and `rowMeans`

(opens new window).

Now, let's do a different and more meaningful task: let's calculate the mean **only** for those values which are bigger than `0.5`

. For that, we will create our own `mean`

function.

```
> our.mean.function <- function(x) { mean(x[x > 0.5]) }
> apply(iris[1:4], 2, our.mean.function)
Sepal.Length Sepal.Width Petal.Length Petal.Width
5.843333 3.057333 3.758000 1.665347
```

**(Note the difference in the mean of Petal.Width)**

But, what if we don't want to use this function in the rest of our code? Then, we can use an anonymous function, and write our code like this:

```
apply(iris[1:4], 2, function(x) { mean(x[x > 0.5]) })
```

So, as we have seen, we can use `apply`

to execute the same operation on columns or rows of a dataset using only one line.

**Caveat**: Since `apply`

returns very different kinds of output depending on the length of the results of the specified function, it may not be the best choice in cases where you are not working interactively. Some of the other `*apply`

family functions are a bit more predictable (see Remarks).

#### # Remarks

A function in the `*apply`

family is an abstraction of a `for`

loop. Compared with the `for`

loops `*apply`

functions have the following advantages:

- Require less code to write.
- Doesn't have an iteration counter.
- Doesn't use temporary variables to store intermediate results.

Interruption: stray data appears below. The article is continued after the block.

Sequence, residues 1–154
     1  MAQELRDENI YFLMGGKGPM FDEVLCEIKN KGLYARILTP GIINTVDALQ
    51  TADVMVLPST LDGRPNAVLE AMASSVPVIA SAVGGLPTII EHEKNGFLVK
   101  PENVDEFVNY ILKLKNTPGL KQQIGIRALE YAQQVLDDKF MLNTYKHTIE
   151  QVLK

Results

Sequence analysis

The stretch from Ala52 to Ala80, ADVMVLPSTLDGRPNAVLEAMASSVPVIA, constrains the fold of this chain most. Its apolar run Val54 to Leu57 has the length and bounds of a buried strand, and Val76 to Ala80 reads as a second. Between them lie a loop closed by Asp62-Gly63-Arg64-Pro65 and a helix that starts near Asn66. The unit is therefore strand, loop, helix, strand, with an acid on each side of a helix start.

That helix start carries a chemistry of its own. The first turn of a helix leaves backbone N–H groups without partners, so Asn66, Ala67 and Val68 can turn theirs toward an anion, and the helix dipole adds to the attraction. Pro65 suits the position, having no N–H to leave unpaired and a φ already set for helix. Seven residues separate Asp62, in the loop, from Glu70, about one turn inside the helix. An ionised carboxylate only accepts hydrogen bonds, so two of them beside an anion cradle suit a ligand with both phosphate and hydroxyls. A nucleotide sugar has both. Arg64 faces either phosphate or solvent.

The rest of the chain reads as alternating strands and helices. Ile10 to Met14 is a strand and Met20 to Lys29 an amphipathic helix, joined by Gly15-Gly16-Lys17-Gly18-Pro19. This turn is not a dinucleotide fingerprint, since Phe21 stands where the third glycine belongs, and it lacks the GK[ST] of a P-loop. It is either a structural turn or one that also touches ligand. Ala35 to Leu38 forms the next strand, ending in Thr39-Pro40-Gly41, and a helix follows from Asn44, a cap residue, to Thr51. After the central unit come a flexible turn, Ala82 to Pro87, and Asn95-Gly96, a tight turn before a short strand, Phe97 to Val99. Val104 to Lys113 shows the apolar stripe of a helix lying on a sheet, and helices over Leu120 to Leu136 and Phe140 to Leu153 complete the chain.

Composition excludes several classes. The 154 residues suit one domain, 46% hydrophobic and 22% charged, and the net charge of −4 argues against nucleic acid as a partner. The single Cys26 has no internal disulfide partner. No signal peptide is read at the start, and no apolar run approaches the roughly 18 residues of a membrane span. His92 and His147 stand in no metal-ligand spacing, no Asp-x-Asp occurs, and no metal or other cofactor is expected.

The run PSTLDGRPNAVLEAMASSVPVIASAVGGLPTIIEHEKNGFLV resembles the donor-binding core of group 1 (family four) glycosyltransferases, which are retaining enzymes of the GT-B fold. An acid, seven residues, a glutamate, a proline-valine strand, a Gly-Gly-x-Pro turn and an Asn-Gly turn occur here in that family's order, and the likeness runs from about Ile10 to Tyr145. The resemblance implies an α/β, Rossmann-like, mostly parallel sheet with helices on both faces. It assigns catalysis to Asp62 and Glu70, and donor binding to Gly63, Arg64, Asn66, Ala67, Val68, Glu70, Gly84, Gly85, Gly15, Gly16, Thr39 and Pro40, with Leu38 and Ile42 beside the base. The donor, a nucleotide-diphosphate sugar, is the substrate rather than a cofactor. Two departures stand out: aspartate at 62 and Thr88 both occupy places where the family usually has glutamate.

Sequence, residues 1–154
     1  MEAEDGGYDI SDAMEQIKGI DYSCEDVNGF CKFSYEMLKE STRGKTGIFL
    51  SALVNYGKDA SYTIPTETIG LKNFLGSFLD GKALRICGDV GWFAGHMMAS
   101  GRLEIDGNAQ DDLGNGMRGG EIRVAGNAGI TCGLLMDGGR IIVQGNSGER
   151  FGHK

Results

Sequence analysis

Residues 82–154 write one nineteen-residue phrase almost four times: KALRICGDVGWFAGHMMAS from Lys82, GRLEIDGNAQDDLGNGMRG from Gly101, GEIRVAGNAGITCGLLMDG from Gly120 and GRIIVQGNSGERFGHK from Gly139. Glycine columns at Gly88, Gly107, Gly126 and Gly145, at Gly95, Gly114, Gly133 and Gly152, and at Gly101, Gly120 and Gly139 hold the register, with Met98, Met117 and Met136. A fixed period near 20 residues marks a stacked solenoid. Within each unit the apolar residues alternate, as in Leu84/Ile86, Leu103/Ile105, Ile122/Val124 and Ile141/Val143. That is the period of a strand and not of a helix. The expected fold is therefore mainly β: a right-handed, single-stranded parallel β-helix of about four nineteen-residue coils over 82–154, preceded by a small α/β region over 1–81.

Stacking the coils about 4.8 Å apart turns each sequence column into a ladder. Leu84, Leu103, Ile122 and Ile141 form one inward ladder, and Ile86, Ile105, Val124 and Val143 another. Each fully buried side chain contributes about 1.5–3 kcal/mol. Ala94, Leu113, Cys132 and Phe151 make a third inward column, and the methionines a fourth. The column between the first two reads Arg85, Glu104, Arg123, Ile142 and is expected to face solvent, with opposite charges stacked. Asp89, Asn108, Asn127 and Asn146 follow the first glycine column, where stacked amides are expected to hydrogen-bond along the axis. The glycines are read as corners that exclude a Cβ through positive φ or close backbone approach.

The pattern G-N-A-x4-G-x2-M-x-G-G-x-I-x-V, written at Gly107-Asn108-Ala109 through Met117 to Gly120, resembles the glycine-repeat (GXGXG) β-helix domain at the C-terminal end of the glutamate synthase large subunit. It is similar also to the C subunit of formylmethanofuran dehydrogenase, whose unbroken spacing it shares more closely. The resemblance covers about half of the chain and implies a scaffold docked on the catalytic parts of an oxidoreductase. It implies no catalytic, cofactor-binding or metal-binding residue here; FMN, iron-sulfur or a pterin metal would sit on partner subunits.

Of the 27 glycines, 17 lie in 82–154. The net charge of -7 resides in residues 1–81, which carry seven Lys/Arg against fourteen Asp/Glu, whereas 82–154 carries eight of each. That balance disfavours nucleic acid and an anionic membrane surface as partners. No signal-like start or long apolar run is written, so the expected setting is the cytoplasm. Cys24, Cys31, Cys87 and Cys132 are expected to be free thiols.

However `for`

loops are more general and can give us more control allowing to achieve complex computations that are not always trivial to do using `*apply`

functions.

The relationship between `for`

loops and `*apply`

functions is explained in the documentation for `for`

loops (opens new window).

### # Members of the `*apply`

Family

The `*apply`

family of functions contains several variants of the same principle that differ based primarily on the kind of output they return.

function | Input | Output |
---|---|---|

`apply` | `matrix` , `data.frame` , or `array` | vector or matrix (depending on the length of each element returned) |

`sapply` | vector or `list` | vector or matrix (depending on the length of each element returned) |

`lapply` | vector or `list` | `list` |

`vapply` | vector or `list | vector or matrix (depending on the length of each element returned) of the user-designated class |

`mapply` | multiple vectors, `lists` or a combination | `list` |

See "Examples" to see how each of these functions is used.